Market watchers report that hyperscalers are seeing a slowdown in cloud consumption—the good news is that cloud adoption is on the rise. Businesses are now pressing the gas pedal on adopting the cloud to achieve their strategic business objectives.
According to Siki Giunta, Executive Vice President, CloudSMART Offerings Strategy, Industry Cloud Consulting at HCLTech, this represents a significant shift in the cloud market.
“In short, legacy is dragging the consumption of cloud. Legacy transformation requires a more complex architecture and there are greater restrictions, especially when it comes to things like compliance and security. Today, organizations are focusing on the capabilities and applications already in the cloud, which has created a bit of slowdown in consumption,” says Giunta.
The easy work of quickly moving excess workloads to the cloud for the purpose of saving money or improving efficiencies is done—what she calls the “go, go, go of cloud consumption”.
“The easy things to modernize have been completed and now the modernization journey is harder,” says Giunta.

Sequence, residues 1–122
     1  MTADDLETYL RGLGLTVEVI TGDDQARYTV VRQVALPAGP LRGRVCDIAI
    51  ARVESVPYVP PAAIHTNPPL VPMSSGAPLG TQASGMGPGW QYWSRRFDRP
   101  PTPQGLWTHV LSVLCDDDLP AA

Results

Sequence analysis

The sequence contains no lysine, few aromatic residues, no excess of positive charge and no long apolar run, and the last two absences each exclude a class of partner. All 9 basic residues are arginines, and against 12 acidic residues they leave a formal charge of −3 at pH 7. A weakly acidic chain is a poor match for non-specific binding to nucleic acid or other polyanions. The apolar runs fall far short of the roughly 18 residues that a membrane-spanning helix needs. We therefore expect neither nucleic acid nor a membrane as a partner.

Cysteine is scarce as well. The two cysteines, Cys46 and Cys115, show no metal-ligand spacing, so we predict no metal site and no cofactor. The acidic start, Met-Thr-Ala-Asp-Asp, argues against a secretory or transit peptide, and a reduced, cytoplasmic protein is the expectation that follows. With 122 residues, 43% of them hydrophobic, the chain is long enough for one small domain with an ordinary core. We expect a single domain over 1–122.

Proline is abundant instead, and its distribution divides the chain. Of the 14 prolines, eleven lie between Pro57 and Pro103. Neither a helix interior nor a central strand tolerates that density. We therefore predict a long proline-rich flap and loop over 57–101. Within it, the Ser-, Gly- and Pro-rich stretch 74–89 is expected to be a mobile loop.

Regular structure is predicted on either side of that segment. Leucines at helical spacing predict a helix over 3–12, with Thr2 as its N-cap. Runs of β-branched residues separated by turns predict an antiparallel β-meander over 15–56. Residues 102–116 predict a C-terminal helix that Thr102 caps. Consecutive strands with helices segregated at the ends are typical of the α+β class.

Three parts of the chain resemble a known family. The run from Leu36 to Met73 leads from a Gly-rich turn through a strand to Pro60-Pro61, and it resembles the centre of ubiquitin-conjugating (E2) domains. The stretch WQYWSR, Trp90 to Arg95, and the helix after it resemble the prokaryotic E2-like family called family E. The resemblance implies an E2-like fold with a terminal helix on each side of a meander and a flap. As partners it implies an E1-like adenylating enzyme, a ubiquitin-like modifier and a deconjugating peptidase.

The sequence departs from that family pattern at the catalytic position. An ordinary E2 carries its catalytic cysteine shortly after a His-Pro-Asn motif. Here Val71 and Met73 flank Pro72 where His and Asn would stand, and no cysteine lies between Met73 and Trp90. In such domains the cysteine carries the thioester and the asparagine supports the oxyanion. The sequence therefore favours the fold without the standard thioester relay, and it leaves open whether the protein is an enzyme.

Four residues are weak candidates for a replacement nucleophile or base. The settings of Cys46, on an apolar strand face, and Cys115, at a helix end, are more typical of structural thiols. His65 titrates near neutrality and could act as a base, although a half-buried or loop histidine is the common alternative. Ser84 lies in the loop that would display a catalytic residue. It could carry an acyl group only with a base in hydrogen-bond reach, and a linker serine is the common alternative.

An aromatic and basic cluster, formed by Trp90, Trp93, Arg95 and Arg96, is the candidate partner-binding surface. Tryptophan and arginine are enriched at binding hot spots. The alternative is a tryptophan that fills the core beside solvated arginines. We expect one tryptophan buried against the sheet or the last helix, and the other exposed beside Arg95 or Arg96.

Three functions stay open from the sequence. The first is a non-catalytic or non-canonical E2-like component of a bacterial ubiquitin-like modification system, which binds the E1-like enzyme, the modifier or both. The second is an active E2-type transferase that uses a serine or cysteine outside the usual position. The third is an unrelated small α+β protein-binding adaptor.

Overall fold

The hard work of implementing transformative business decisions that lead to the evolution of an organizations’ business models is here, and this requires cloud adoption. It’s the only platform that can accommodate the changes, the speed and agility needed to drive continuous modernization and transformation outcomes. The impact of the cloud is like the impact of the internet for business at scale and “as of today, there isn't any other type of technology that can support the evolution of innovation”.
To maximize transformative business objectives in the cloud and move away from legacy, organizations must rely on systems integrators to make the cloud work, by filling the experience gap.
Giunta adds: “You can’t have transformation without system modernizations. But if end user organizations work together with systems integrators to do the hard work of decoupling systems [legacy from modernized] to modernize those that you can and rewrite those that you can’t, you will maximize capability.”
Making the cloud work
Traditionally, hyperscalers offered organizations a choice when it came to the cloud; public, private and most recently, multi and hybrid. But, in this last chapter of cloud, businesses really have to know how and why they are choosing cloud—have a plan for utilization.
Taking advantage of what the cloud can do requires an “understanding of the systems, business capability, architecture, knowledge of security, compliance, data residency and more,” says Giunta.
“The hyperscalers made it simple to “move” to the cloud, without realizing, as an example, how to move the data to the cloud with the applications to drive transformative business outcomes,” she adds.
This challenge has been compounded by the talent shortage.